What Are the High Holy Days?
The High Holy Days, also known as the Ten Days of Repentance, or the Days of Awe, are the most widely observed Jewish holidays, beginning with Rosh Hashanah, the Jewish New Year, and ending ten days later with Yom Kippur, the Day of Atonement.
While these are the two main holy days, the High Holiday season also includes Sukkot, the Feast of the Tabernacles, Shemini Atzeret, the “Eighth Day of Assembly,” and Simchat Torah, which literally means “Rejoicing in the Torah.”
Here is a quick description and dates for the High Holy Days observances for 2022:
Begins at sundown Sept. 25 and ends at sundown Sept. 27
Rosh Hashanah, the Jewish New Year, literally means “the head of the year”
Main focus of this observance is intense moral and spiritual introspection as Jews prepare themselves for God’s judgment of the preceding year
God “writes” His judgment on the world on Rosh Hashanah and it is “sealed” ten days later on Yom Kippur
The ten days between Rosh Hashanah and Yom Kippur are known as the Ten Days of Repentance, or the Days of Awe
To learn more about Rosh Hashanah, check out our resource page, What Is Rosh Hashanah?
Begins at sundown Oct. 4 and ends Oct. 5
Yom Kippur, the Day of Atonement, is the holiest day of the year in Judaism
Main focus is atonement and repentance
The day is observed with a 24-hour fast, during which Jews are in synagogue beseeching God for forgiveness
It is the final opportunity to repent before God’s judgment is “sealed”
Begins at sundown on Oct. 9 and ends at sundown Oct. 16
Sukkot, also known as the Festival of Tabernacles or the Festival of Booths, is a joyful celebration
Main focus is a joyous celebration of the harvest and a time to remember God’s provision for His people while they wandered in the desert after the Exodus from Egypt
Main observance is building a sukkah, temporary dwellings that resemble what their ancestors lived in during their time in the desert.
Sukkot is one of three pilgrimage holy days mandated in the Bible, along with Passover and Shavuot (Pentecost), during which Jews were required to travel to the Holy Temple in Jerusalem
Many believe Sukkot was the inspiration for the American Thanksgiving
Begins at sundown on Oct. 16 and ends at sundown Oct. 17
Shemini Atzeret or the “Eighth Day of Assembly,” immediately follows Sukkot
The day marks the end of this intense journey of reflection and celebration and acts as a transition back to the routine of life
As it is connected to Sukkot, it is celebrated in the sukkah and is marked by the prayer for rain, officially starting the rainy season in Israel
To find out more about Sukkot, check our our resource page, What is Simchat Torah?
Begins at sundown, Oct. 17, and ends at sundown on Oct. 18
Simchat Torah, which literally means “Rejoicing in the Torah,” is a joy-filled celebration, marking the completion of the annual reading of the Torah, from Genesis to Deuteronomy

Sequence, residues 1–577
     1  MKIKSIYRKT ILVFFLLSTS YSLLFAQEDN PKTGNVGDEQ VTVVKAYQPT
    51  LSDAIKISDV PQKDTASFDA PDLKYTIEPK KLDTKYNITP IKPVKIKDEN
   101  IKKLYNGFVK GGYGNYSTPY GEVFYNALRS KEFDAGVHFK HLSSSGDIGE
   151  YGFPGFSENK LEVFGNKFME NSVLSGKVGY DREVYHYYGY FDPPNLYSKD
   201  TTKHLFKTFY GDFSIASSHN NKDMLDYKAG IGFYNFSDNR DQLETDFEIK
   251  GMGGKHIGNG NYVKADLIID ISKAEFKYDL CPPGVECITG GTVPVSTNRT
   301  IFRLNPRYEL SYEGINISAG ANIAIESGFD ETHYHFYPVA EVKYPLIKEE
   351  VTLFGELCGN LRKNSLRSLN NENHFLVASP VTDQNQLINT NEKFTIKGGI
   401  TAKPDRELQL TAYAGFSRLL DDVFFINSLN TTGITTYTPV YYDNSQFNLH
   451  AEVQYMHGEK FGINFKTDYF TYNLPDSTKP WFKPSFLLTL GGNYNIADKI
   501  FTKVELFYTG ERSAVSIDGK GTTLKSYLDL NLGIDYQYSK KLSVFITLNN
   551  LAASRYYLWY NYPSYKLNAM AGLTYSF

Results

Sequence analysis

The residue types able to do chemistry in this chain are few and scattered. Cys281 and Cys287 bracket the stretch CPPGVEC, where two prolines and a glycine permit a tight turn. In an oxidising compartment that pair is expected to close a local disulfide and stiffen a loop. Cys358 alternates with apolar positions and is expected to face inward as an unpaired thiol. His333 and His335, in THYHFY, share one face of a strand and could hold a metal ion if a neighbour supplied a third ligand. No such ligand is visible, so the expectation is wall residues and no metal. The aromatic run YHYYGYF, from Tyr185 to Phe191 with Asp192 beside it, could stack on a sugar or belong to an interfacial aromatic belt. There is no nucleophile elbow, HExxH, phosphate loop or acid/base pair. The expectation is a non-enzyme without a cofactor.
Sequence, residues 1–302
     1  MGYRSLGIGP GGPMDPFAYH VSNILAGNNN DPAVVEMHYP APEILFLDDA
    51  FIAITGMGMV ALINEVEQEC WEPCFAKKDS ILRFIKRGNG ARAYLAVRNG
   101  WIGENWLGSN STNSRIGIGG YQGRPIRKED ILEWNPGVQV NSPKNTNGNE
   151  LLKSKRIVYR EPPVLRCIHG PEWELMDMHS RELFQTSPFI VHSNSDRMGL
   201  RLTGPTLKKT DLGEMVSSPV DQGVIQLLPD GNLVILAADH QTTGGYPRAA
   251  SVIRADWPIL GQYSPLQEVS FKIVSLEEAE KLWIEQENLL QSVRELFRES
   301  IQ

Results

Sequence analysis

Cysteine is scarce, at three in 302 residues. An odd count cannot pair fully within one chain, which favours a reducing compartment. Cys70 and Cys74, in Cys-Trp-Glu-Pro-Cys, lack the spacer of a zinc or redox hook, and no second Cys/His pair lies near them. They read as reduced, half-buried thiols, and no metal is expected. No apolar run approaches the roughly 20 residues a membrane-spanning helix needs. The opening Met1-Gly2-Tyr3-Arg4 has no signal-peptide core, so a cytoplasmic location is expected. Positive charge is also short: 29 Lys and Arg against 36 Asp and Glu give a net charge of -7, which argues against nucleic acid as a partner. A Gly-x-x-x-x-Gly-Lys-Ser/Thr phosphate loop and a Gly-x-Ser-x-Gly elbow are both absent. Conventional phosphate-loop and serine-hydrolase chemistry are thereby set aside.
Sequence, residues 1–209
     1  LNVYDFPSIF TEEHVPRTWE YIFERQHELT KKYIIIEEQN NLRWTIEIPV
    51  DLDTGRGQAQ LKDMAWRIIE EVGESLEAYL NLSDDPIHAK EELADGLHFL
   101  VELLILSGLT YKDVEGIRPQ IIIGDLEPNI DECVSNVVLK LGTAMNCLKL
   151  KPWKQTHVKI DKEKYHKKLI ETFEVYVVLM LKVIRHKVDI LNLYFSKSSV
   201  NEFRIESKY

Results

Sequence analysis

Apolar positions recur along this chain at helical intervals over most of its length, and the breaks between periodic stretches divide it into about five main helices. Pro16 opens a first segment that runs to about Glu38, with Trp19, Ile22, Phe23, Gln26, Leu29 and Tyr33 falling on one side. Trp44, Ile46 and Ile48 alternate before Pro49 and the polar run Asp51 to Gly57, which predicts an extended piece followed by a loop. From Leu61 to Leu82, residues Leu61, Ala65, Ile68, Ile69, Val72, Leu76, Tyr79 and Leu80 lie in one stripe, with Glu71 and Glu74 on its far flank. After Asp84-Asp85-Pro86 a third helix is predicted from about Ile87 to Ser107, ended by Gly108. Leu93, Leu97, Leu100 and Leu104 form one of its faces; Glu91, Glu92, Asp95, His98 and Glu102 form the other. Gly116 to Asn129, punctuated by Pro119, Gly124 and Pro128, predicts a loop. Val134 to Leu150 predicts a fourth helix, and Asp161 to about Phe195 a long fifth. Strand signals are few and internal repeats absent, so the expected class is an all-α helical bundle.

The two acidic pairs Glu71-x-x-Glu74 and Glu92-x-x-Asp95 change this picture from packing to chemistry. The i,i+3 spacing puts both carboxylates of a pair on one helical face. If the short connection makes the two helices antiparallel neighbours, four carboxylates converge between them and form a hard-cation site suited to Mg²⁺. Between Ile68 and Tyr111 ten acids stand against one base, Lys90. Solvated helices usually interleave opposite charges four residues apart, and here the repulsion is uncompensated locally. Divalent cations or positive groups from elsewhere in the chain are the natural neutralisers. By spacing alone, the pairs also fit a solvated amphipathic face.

The observance is marked in the synagogue with dancing and singing as the Torah scrolls are carried around the sanctuary seven times
The holiday underscores the centrality of the Torah to Jewish life as a gift from God and as a source of Jewish identity
To find out more about Simchat Torah, check our our resource page, What Is Simchat Torah?
How Do Jews Prepare for the High Holy Days?
The month preceding the High Holy Days, the month of Elul in Hebrew, is a time of preparation for these holy days, involving intense reflection and soul-searching, known in Hebrew as cheshbon hanefesh —literally “an accounting of the soul.”
This monthlong process culminates on Rosh Hashanah when, Jewish tradition teaches, all humanity is called to judgment before a holy and merciful God. The customs and traditions associated with Elul are intended to cultivate the proper mindset.
One of the best-known traditions is the blowing of the shofar, the biblically mandated trumpet made from a ram’s horn, after morning services at the synagogue. Many families also blow the shofar in their own homes. The sounding of the shofar is intended as a “wake-up call,” to rouse the people form their spiritual stupor and jolt them into repentance. At this time, it is also customary to recite from Psalm 27, which speaks of assurance of God’s protection, along with a plea that God will not forsake His children.
Jews around the world also prepare their hearts using three biblical principles, known as the Three Pillars: repentance, prayer, and charity.
The First Pillar
The first of these pillars is repentance, which is, simply, “getting right with God.”
There’s so much happening in our modern world that constantly distracts us from God and His love; as a result, we often lose our way. Repentance is about taking a moment to examine our hearts and see the places in our lives where God needs to be invited back in.